Given the ways computer technology—from the iPhone and YouTube to uses in medical research and national security—is changing so many facets of life, you might imagine that schools have been stepping up students’ exposure to computer science to help drive the digital revolution.
But recent data suggest otherwise. One survey indicates a sizable drop in the availability of even introductory computer-science courses in public and private secondary schools since 2005. Participation rates for Advanced Placement courses in computer science have been relatively flat for years, while the rates have gone way up in traditional science and mathematics disciplines, such as calculus, chemistry, and biology.
SOURCES: College Board, Association for Computing Machinery
“We’re an order of magnitude off from these other courses,” says Janice E. Cuny, a program officer at the National Science Foundation, who argues that high-quality computer-science instruction is all too rare in public schools.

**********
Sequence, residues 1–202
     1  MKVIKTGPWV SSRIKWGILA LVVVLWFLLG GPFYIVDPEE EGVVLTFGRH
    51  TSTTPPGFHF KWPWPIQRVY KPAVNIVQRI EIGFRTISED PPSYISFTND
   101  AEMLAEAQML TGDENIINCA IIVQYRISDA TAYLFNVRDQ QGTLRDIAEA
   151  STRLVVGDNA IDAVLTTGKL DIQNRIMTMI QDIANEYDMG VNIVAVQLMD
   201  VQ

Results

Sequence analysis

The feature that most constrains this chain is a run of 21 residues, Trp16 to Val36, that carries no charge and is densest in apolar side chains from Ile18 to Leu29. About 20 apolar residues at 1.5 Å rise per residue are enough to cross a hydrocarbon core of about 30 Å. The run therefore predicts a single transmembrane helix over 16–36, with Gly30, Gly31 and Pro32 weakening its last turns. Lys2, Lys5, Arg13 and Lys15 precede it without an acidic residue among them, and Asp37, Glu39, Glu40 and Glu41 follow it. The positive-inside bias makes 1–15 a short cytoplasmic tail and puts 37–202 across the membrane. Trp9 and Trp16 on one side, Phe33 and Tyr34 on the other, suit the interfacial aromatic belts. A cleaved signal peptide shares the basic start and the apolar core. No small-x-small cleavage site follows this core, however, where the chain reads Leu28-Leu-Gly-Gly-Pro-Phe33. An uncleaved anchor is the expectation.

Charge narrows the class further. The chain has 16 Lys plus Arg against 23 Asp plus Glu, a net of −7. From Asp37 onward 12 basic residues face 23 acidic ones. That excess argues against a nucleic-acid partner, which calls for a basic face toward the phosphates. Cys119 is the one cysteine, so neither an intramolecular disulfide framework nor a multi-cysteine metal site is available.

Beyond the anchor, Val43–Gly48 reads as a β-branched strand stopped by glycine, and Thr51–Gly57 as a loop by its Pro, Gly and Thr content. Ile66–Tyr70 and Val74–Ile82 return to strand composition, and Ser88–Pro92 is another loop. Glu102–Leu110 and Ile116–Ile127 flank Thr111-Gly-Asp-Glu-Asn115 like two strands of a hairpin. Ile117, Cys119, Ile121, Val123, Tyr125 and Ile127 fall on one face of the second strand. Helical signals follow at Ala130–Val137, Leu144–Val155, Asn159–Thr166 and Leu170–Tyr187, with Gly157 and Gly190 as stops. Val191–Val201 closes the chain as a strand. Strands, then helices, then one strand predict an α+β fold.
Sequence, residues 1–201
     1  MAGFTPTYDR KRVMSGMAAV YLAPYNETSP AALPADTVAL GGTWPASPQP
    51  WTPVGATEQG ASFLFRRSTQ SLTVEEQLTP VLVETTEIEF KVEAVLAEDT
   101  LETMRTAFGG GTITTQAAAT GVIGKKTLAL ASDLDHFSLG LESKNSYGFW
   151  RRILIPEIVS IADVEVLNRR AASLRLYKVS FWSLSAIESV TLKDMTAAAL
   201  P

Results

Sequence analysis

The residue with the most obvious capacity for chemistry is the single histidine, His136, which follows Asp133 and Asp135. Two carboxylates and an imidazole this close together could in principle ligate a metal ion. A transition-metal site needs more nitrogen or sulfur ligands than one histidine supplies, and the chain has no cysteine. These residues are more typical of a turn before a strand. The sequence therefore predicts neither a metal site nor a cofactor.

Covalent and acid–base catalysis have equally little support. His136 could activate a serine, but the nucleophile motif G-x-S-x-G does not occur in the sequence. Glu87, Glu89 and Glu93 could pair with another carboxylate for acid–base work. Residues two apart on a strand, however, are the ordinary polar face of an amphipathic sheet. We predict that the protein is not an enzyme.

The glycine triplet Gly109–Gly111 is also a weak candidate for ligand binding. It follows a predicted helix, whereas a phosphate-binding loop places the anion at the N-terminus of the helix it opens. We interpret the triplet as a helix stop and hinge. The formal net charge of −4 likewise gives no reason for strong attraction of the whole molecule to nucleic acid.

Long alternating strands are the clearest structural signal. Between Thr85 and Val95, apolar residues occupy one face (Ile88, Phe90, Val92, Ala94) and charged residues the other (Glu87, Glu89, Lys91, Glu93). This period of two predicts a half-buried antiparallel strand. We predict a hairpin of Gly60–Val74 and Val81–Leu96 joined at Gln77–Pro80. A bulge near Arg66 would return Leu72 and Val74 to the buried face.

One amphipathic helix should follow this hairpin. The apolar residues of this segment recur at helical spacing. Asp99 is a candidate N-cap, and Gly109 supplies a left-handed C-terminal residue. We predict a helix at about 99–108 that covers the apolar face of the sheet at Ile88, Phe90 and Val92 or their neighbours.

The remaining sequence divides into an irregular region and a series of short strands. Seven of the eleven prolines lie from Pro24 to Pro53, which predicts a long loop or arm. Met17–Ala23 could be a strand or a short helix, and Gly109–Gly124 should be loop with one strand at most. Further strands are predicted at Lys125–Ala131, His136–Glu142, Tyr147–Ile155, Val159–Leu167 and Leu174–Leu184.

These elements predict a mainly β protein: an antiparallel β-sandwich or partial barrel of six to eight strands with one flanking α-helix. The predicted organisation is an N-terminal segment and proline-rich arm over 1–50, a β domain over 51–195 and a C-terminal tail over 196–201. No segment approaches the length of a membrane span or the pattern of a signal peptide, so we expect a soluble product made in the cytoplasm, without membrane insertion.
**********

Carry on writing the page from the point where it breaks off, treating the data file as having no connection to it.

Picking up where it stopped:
Representation of female and minority students among those studying computer science in high school and college is seen as especially low.
National statistics indicate that computing will be one of the fastest-growing areas for employment in coming years, but experts say the U.S. educational pipeline is expected to fall far short in producing college graduates in the field.
To help address the apparent disconnect between supply and demand, efforts are building to increase access at the precollegiate level to high-quality instruction in computer science, a cross-cutting subject that includes elements of math, science, and other disciplines.
A version of this article appeared in the October 20, 2010 edition of Digital Directions as Schools Seen Lagging in Computer Science